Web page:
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Under Christian, Siena's recruiting outlook taking shape

Under Christian, Siena's recruiting outlook taking shape

Siena coaching staff forming strong bond with City Rocks
Under Christian, Siena's recruiting outlook taking shape
Jamion Christian is nearly two months into his tenure as Siena's coach.
Photographer: Marc Schultz

LOUDONVILLE — This past week delivered a lot of clues as to where the Siena College men’s basketball program is headed.

Weeks before that, though, new Siena head coach Jamion Christian sent the first signal.

That's when Christian landed his first commit as the Saints’ new head coach. That player was Jalen Pickett, a 6-foot-4 swingman from Rochester, whose commitment sent a clear message to other players within the Albany City Rocks AAU program he competed with for several years.

That message?

“Oh, wow. Pick’s going to win there.”

That is how City Rocks founder Jim Hart saw it. Pickett isn’t the flashiest of players, but he stars at doing the little things winning teams need done. Going hard after Pickett was a sign Christian valued that — and, perhaps more importantly, valued immediately forming a connection with a powerhouse City Rocks program based in Siena’s backyard that the school often struggled to connect with in past recruiting cycles.

“It’s an organization that is run well and that’s prominent, right? I think any time you want to be a successful organization, you want to be able to be branded with other successful organizations," said Christian, who is nearly two months into his tenure as the Saints’ head coach.

“If you’re a candy company, you want to be branded with the best candy companies, right? That just makes a lot of sense. It’s just something where I wanted to reach out and take care of our home base. I think that’s vitally important.”

That relationship took another step forward this past week when Christian’s coaching staff was announced. Among the staff’s four members, three of them — Ryan Devlin, Harley Fuller and Carmen Maciariello — have strong ties with a City Rocks program that generally features the best prep talent from Albany to Buffalo. Devlin and Fuller have recently coached with the program, while Maciariello’s connection with the AAU program goes back to his own playing days.

“I was actually one of their first guys to go D-I,” said Maciariello, who graduated from Siena in 2001 after starting his college career at New Hampshire.

Seeing Maciariello and Co. at Siena?

“That makes the first phone call a little easier,” Hart said. “These are people you know. Now, there’s a little more trust.”

“And that’s all recruiting is, right?” Maciariello said. “Recruiting is all about relationships. . . . The more relationships we [assistants] can foster for [Christian], the more bridges we can build for him — and that’s our job.”

Since becoming the Siena program’s 17th head coach,  Christian has likely spent more time building relationships with potential recruits than doing anything else. More than 30 players have visited campus since Christian was hired.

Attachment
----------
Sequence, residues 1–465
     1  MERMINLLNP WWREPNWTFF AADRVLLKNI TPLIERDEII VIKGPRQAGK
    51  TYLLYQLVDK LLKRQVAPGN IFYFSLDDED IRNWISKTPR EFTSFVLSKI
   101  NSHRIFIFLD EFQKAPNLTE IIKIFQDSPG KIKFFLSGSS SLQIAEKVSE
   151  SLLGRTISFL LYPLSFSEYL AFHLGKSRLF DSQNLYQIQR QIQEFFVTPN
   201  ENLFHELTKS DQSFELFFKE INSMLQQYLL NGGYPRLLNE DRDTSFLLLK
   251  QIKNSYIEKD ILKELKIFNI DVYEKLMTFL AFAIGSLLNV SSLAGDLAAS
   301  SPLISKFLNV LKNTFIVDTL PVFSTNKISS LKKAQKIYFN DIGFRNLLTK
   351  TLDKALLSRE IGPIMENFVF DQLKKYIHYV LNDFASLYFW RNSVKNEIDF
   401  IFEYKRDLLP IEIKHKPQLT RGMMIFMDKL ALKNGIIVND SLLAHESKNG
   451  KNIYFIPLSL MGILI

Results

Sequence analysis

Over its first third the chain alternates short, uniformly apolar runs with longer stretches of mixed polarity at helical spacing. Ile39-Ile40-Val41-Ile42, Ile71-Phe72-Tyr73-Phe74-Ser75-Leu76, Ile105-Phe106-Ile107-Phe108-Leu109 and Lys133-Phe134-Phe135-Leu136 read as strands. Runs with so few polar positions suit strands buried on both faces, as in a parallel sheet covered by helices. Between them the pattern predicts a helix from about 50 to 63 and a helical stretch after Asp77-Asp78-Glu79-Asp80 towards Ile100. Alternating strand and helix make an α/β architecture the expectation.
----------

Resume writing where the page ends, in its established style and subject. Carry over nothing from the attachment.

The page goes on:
“That’s a big number, so you are surprised by it, but you expected it, too,” Siena athletic director John D’Argenio said. “I knew he was going to be very thorough with that.”

Besides recruiting high school players, though, this last week showed a new area of recruiting now more readily available to the Saints. While not officially signed yet with the school, Braedon Bayer gave his commitment to join the Saints as a graduate transfer, according to multiple reports.

Bayer spent his last two seasons as a walk-on at Syracuse after playing for two seasons at Division III Grinnell, and will be immediately eligible to play for the Saints. Bayer, a 6-foot-4 guard, is expected to take advantage of an MBA program Siena is officially rolling out in the fall semester of 2019, but will start on a limited basis next spring.

In the past, Siena’s only program available to attract graduate transfers was a highly specialized master’s in accounting. That left the Saints severely restricted when it came to adding graduate transfers to its program, a type of player so many Division I programs now feature.

“That [MBA program] is going to allow us to bring student-athletes in that can play right away,” D’Argenio said. “It’s going to really help us.”

While Christian has worked to restock the Saints after they lost five players to transfer from their opening night 2017-18 roster, he has already spent ample time courting players for future classes. According to verbalcommits.com, which tracks college basketball recruiting, a dozen rising high school seniors already have scholarship offers from Siena.

A number of players on the Saints’ radar have ties to the City Rocks.

“And they’ve gone to visit Siena and they’ve loved it,” Hart said. “They’re feeling that positive energy. There’s a great method to what they’re doing there.”

Reach Michael Kelly at [email protected] or @ByMichaelKelly on Twitter.

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